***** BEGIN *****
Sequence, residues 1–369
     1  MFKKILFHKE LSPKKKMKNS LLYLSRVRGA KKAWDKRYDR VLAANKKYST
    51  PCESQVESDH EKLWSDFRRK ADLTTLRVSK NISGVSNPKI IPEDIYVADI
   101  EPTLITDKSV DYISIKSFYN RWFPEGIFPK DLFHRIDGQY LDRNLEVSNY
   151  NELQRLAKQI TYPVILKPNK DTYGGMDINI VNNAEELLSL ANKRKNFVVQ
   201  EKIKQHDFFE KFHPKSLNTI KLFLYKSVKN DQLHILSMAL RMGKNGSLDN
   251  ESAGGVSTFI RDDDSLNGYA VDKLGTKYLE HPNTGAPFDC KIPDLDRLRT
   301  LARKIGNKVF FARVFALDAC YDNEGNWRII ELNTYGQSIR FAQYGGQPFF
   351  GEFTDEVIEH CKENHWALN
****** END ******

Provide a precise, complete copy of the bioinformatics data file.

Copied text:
Sequence, residues 1–369
     1  MFKKILFHKE LSPKKKMKNS LLYLSRVRGA KKAWDKRYDR VLAANKKYST
    51  PCESQVESDH EKLWSDFRRK ADLTTLRVSK NISGVSNPKI IPEDIYVADI
   101  EPTLITDKSV DYISIKSFYN RWFPEGIFPK DLFHRIDGQY LDRNLEVSNY
   151  NELQRLAKQI TYPVILKPNK DTYGGMDINI VNNAEELLSL ANKRKNFVVQ
   201  EKIKQHDFFE KFHPKSLNTI KLFLYKSVKN DQLHILSMAL RMGKNGSLDN
   251  ESAGGVSTFI RDDDSLNGYA VDKLGTKYLE HPNTGAPFDC KIPDLDRLRT
   301  LARKIGNKVF FARVFALDAC YDNEGNWRII ELNTYGQSIR FAQYGGQPFF
   351  GEFTDEVIEH CKENHWALN